Still a Man in My Mother’s Closet is an invigorating celebration of color and pattern that visualises an intermingling coexistence of ghanaian heritage and queer identities. Amongst a rainbow of tonalities, vivacious blues and greens dominate the palette. Horizontal stripes and repeated diamond motifs decorate form-fitting tops, wide-leg trousers, and flowing skirts. A highlight of the collection is a monumental woven hat that creates a technicolour halo around the model. Acting as a dramatic reflection of the ubiquity of woven hats in Ghana, the oversized accessory took two weeks to expertly construct by a Ghanaian craftsperson. However, Appiah recounts how the most difficult part of the process was, in fact, transporting it to London.
Although previously uncertain about using the collection as a platform to navigate his lived experiences, the designer’s tutor advised him to “go for it, because there is this story that is not being told and maybe you can really help other people”. By telling his story, Appiah aims to extend the narrative to the lived experiences of others. As a result, Still a Man in My Mother’s Closet becomes a shared emancipatory affirmation of self-expression and self-celebration. Going forward, Appiah wants to continue producing garments that are informed by his cultural background. He notes how The London Seven hopes to welcome more participants into their collective to build a diverse community of young designers who challenge accepted conventions and share new design narratives. Appiah is optimistic about the future: “I’m excited to see what we can come up with”. We are too.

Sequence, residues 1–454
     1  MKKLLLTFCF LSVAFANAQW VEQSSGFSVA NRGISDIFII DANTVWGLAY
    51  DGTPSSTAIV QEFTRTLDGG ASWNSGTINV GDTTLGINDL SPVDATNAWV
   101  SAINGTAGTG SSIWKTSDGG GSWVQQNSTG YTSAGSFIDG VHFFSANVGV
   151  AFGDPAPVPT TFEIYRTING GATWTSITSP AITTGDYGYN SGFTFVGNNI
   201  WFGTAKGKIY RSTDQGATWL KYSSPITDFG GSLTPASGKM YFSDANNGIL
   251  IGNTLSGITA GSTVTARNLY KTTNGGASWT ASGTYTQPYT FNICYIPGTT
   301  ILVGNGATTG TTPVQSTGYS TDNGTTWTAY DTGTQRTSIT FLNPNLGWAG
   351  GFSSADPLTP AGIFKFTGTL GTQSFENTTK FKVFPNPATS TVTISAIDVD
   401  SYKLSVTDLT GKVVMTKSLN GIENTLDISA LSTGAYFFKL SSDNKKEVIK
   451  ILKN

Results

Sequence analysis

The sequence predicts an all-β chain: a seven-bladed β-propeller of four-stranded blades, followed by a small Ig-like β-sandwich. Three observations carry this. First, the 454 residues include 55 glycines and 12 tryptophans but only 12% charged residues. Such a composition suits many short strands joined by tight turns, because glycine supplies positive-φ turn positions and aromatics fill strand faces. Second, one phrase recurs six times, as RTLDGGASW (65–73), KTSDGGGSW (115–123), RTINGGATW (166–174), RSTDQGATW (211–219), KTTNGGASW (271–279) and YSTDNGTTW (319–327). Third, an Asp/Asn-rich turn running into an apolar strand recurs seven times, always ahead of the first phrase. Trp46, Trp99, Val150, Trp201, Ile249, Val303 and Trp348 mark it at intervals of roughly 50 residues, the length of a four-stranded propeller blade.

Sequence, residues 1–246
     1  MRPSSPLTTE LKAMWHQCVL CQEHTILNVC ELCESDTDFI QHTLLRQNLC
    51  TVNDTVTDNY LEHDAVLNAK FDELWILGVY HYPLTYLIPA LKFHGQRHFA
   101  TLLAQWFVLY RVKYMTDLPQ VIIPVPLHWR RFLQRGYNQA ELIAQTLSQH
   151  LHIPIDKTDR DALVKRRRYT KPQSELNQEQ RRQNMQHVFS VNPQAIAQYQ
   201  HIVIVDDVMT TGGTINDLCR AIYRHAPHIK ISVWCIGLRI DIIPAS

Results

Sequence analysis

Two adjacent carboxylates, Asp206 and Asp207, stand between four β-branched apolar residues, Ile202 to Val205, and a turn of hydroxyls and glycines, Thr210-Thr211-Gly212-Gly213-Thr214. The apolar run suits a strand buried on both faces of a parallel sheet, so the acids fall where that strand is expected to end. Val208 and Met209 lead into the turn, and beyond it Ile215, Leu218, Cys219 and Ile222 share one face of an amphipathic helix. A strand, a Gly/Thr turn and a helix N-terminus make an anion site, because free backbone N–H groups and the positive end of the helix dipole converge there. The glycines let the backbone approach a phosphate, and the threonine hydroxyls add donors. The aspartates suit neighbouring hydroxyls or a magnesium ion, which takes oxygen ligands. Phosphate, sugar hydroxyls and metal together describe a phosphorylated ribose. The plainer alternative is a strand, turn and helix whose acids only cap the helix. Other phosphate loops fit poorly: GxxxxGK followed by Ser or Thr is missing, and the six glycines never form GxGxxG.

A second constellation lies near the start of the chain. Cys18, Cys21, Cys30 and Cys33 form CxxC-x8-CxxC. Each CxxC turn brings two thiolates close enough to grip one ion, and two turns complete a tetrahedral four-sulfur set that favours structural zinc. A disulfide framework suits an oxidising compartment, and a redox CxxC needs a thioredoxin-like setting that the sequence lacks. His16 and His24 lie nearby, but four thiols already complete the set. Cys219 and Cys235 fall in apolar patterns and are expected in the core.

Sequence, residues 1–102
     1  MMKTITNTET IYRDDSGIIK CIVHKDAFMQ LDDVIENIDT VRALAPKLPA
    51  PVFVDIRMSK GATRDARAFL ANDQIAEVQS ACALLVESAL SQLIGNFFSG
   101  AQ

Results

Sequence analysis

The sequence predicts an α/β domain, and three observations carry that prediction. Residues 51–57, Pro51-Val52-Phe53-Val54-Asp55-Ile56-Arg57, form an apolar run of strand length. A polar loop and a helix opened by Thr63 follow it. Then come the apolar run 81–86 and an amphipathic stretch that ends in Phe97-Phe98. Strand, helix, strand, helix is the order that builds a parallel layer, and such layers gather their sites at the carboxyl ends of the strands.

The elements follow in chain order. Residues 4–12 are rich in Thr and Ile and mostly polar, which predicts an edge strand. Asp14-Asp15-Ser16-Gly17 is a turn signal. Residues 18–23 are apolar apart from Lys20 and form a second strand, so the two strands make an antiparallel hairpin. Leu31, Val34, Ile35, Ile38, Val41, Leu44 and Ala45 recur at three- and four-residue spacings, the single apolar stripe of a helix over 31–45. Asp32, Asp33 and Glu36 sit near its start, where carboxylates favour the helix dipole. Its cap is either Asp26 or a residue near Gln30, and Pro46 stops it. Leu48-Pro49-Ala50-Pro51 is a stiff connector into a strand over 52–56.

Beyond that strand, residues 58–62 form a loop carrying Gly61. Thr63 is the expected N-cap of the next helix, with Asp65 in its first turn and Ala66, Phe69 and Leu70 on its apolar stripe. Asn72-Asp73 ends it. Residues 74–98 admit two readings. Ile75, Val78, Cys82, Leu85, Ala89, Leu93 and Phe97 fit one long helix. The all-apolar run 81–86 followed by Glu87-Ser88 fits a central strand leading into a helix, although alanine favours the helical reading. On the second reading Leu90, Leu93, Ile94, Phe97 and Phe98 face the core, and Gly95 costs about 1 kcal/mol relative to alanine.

Drawn in the immersive experience offered by the London seven’s closing of the fashion week, we couldn’t help ourselves but to think about it again, and again. And why not? Restraining ourselves to only meet one of those talented creatives was simply impossible. In a second instalment we had a conversation with German designer, Philipp Dorner.
His “Small-town boy” collection aim to reflect a providential evolution of the self in the techno capital that is Berlin. “it can reflect my own story but it also can’t, I didn’t wanted to make it about me but more about young individuals in Germany moving to the capital to explore themselves”.